The doctor didn’t tell you anything in terms of changing the way you do things in any way, shape, or form? The doctor didn’t say take a nap at a certain point in the day, or anything like that?

“No. No, nothing like that. There are some of the suggestions with diet. So, I’m listening.”


Can you take drugs to regulate the heartbeat from this point forward? Drugs in your, prescribed you drugs?

“Yeah, gave me some aspirin and a couple other ones.”


What about meditation?

“Didn’t talk about that. I’ll talk to [LS] Brian Jennings about that. Brian Jennings will be my go-to guy there [laughs].”


Are you coachable with this stuff?
“Sure, absolutely. Yeah.”


You said you came in here yesterday while practice was going on?



Did you go out to the practice field?

“Yeah, the doctor said I could go by. So, I did.”


Did you do any coaching, or was it just a visit?

“More just watched about an hour of the practice.”


So, for those that aren’t familiar with the procedure could you tell us how long it took and did you have an overnight stay, so you had the procedure actually Wednesday night?

“No, there was some tests were done Wednesday night. The procedure was done Thursday late morning. And then I was released after that.”


So, you stayed the night?

“No, I didn’t stay in the hospital overnight.”


Is this something you may have to have again? Or do they think this one will do the trick?
“So far this one they’ll evaluate it as it goes.”


Stress in any way a factor, or been given any advice on stress?

“No, didn’t.”


Do your dad or brother have any advice about this kind of stuff, or how to work your way through it? The diet? Coaches lead a very interesting lifestyle. Did they give you any advice about how to work through this stuff?

“Yeah, listen to the doctors and eat right. Yeah, they’ve said those things.”


Have your brother or you father ever experienced anything similar?

“Not that I know of, no.”


As a follow up to that, is there anything, any dietary restrictions that have been added to your lifestyle now or that were 13 years ago? Also, I understand that this may be too personal a question, but is there anybody in your family that you’ve had to reassure that it’s ok for you to go to right back to work after this?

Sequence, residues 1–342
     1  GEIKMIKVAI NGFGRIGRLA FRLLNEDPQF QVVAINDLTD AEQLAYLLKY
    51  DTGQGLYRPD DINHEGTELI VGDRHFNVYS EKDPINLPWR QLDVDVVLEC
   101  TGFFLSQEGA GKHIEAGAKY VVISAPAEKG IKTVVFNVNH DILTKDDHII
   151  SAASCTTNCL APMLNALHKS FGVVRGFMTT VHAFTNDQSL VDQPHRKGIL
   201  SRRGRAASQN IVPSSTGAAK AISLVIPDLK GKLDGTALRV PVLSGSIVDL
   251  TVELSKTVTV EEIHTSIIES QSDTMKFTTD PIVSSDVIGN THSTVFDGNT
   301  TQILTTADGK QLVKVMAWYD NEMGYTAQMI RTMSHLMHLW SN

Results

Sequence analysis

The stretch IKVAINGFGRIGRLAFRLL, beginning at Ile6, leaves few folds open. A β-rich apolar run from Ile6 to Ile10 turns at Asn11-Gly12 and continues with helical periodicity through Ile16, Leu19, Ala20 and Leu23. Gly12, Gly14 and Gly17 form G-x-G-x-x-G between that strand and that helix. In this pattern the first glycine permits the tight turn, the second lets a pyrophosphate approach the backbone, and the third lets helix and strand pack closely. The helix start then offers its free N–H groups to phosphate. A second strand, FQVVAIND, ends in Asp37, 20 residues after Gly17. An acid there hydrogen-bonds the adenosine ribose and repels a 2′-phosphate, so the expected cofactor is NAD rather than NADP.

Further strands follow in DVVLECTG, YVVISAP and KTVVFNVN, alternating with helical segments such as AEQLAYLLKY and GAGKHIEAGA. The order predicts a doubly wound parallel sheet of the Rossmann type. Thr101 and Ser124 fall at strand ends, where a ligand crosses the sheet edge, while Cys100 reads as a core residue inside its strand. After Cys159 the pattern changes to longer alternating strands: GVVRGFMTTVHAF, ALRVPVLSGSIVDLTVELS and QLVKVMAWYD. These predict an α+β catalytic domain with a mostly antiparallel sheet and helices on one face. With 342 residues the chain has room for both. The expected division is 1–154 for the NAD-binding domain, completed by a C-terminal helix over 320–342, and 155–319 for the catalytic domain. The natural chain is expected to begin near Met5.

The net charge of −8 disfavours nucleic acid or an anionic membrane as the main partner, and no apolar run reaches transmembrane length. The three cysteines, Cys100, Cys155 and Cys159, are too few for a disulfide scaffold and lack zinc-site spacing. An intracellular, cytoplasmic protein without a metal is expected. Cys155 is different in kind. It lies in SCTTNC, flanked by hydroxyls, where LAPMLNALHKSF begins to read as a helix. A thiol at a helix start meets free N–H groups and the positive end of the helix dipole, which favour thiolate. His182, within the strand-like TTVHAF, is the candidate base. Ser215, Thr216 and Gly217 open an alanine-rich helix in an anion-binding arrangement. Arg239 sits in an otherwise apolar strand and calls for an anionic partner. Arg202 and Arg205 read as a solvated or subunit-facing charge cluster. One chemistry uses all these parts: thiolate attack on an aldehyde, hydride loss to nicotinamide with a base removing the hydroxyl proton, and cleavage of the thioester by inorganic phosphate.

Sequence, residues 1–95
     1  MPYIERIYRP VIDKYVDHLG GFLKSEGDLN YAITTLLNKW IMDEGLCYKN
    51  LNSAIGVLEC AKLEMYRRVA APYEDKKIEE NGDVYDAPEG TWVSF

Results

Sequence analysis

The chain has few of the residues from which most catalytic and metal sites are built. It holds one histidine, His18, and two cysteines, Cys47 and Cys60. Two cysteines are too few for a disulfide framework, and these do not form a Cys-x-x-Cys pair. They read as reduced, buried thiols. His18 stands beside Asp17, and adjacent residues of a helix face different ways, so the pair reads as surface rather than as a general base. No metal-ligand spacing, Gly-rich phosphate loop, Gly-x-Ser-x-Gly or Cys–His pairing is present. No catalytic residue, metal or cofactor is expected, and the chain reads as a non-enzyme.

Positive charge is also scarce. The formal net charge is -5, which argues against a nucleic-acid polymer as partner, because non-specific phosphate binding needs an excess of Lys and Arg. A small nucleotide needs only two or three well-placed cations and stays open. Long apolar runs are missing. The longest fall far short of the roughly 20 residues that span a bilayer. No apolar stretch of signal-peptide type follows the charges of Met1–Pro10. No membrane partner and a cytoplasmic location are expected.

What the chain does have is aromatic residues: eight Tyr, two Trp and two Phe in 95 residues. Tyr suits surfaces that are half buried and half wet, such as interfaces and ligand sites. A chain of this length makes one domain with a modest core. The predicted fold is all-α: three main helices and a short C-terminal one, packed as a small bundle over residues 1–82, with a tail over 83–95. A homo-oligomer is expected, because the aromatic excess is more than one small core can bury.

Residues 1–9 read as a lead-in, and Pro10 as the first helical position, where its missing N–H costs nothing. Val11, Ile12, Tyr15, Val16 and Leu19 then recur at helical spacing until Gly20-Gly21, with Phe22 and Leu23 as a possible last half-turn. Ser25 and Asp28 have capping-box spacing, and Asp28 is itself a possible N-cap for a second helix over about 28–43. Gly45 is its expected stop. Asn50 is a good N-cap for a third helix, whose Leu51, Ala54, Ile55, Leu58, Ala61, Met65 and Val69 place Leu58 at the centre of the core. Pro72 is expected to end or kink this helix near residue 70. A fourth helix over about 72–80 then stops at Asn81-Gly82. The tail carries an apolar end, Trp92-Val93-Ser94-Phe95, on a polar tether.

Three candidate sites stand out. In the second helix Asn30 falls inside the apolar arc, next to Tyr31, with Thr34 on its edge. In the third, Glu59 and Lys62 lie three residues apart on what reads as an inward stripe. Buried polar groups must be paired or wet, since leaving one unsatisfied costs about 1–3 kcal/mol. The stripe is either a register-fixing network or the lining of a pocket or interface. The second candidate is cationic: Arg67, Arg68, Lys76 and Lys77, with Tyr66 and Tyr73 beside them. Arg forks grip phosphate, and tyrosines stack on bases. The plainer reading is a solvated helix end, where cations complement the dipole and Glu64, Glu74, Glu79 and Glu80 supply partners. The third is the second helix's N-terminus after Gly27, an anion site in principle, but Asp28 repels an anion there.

“No, I haven’t had to reassure anybody. As far as the diet, cut out some of the caffeine and eat better.”


How do you feel about all the attention surrounding this?

“It’s quite a bit. I’m fine, fine.”


I’m hearing a lot of short answers from you about this all, but when you’re in there in the hospital and all those people are dealing with this stuff, doesn’t it after a while give you a little –set you back a little bit and think about the humanness of this? The vulnerability about this? Do you ever give yourself a big picture look about it all?

“No, I didn’t really. I hope my answers haven’t been short. I feel like I’ve been real forthcoming, telling you exactly everything I know about this, even emotionally how it feels and what not. Just glad to be back at work, glad to be preparing for this ball game. I’m fine, fine and ready to go to work.”


So you will not be a victim of burnout?

“I don’t foresee that, no.”


I think I know what he was asking. I had a heart problem and it sort of makes you think big picture.

“Big picture. Peel back the onion and get a little introspective. No, I really haven’t. I really haven’t. Just want to do what I’m supposed to do and get back to living.”


Did your wife and kids have any tips? Did your daughters say anything to you that stuck?

“The biggest one, ‘I love you.’”